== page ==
Gardening was essential for seasonal foods, as well as preserving for winter. Today in Old Salem, you can visit traditional Moravian gardens and see the produce they raised. The original home of Matthew Miksch can be toured; he was trained in Europe as a Master Gardner and brought his expertise to Salem. Using raised beds as planters and grafting fruit trees. Onions, potatoes, asparagus, carrots, pumpkins, and cabbage were plentiful.
The Historic Town of Salem is a living history site that covers a large period of time, telling the story of Moravians establishing a town, and that town’s growth through the 18th and 19th centuries. One of the easiest ways for the modern visitor to gain an understanding of the past is through historic cooking and baking preservation.
Costumed interpreters learn how to cook, bake, and preserve food; this requires quite a bit of research and practice. Primary sources teach understanding about what types of food were used, the common ways to prepare and flavor them, and how to cook and bake on an open hearth. The Moravians encouraged keeping diaries and journals, and some people would often include meals enjoyed, or daily household activities such as preserving, so information is still available today.
Winkler’s Bakery still uses recipes and methods from 18th century —raisin bread, hot cross buns baked at Easter, sugar cakes, love feast buns, similar to hamburger buns but sweet. The dome bake oven is original to 1800, and it is heated still with wood. Up and down the street, the smells of fresh baked goods lure visitors to this site.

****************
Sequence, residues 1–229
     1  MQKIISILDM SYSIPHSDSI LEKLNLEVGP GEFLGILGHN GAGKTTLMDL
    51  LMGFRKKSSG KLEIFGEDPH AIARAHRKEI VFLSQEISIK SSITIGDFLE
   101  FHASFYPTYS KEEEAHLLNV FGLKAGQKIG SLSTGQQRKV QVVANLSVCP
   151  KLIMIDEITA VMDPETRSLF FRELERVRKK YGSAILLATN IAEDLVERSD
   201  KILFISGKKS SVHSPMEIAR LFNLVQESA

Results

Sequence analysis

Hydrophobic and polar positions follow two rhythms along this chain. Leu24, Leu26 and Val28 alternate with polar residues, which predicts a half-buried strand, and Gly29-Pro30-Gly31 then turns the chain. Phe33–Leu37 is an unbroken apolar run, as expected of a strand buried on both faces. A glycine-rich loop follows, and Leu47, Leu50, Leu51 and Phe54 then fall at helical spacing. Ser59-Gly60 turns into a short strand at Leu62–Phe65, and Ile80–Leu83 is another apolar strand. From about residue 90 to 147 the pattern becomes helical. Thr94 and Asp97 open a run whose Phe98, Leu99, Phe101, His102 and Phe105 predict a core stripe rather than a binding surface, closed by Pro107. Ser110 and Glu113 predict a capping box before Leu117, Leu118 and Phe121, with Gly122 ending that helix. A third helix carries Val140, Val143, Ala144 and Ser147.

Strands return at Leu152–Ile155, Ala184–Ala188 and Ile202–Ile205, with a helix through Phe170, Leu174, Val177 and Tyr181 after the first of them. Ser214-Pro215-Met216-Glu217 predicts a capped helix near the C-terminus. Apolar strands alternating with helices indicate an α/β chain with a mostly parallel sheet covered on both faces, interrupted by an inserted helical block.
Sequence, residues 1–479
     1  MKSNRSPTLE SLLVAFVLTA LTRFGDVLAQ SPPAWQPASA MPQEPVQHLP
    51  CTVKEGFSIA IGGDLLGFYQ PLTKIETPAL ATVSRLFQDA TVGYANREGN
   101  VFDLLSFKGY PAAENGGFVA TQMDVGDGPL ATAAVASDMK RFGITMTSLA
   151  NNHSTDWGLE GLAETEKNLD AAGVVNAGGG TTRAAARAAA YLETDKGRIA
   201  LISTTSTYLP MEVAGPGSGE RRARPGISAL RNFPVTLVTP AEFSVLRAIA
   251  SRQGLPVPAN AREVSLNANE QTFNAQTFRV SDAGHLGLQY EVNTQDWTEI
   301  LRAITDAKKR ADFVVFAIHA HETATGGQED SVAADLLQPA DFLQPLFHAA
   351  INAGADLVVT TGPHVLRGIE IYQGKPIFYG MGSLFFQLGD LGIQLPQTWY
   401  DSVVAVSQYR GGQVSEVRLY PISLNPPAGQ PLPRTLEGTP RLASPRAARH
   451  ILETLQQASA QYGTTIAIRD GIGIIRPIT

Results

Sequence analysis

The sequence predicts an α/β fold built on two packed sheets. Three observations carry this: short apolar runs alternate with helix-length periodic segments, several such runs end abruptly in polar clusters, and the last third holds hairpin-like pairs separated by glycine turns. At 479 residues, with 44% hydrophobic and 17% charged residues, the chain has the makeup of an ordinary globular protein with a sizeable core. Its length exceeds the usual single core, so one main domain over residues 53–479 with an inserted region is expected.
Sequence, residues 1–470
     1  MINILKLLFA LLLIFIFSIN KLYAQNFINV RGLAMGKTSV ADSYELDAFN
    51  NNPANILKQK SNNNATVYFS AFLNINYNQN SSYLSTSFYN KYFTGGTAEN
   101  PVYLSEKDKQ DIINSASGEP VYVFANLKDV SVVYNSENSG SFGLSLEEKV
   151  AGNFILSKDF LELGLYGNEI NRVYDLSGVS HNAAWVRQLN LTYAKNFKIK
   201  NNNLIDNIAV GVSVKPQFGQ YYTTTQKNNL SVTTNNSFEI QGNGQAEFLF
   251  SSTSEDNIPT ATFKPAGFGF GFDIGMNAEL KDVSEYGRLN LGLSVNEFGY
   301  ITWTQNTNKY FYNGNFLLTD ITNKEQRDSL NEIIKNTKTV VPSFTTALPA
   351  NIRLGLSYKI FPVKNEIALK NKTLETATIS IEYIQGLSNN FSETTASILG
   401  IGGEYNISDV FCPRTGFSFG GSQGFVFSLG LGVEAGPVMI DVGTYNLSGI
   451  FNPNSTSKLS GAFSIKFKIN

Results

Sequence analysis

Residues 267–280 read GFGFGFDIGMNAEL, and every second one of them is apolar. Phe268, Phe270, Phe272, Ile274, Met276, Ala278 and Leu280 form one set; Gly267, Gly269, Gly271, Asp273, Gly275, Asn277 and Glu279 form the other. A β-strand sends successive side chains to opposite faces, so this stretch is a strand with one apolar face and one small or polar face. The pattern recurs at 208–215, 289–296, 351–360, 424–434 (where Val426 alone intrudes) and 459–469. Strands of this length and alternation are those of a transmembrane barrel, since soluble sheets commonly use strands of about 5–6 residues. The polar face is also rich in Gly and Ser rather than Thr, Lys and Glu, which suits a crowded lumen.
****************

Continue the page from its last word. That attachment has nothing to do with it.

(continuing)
The Moravians brought to North Carolina their strong system of community life. In the original Wachovia settlements, property was held in common and settlers drew on community stores for food, tools, and other supplies. Pooling their labor and resources allowed for rapid settlement based on an economy of agriculture and trade e.g. pottery, blacksmithing, woodcarving, etc.
Moravians have maintained the heritage of a distinctive way of life into modern time. There is something unique to eating during a church service. It is not unusual to see babies given bottles or children candy. When all members of the congregation participate in a food event, unity and harmony are immediate.
Today a love feast might be conducted for a cancer ward. The last day of Vacation Bible School could celebrate with a love feast. In Spartanburg, South Carolina, there is a love feast celebrated each Christmas season at the First Presbyterian Church, led by their choir, but the food is served by Moravian dieners from a local Moravian congregation.
Wake Forest University celebrates a love feast on the first Sunday in December. It was organized by a Moravian student in December, 1965. There were two hundred students at the first observance, but numbers have grown each year. Now it is the largest Moravian love feast in North America.
In Old Salem each year, the Women’s Fellowship of Home Moravian Church presents a Candle Tea in the Single Brothers’ House. This traditional love feast includes hot, creamy, sweet coffee and sugar cake baked at Winkler’s Bakery. There is a time of singing Christmas carols to the playing of a 1797 Tannenburg organ. Each participant receives a beeswax candle, surrounded by red crepe paper and handmade on site.
Even among strangers, shared food, fellowship, and music produce a closeness that we recognize and hunger for as individuals. We savor our times of community, and a Moravian Love Feast is a feast for the soul that includes a cup of coffee in church!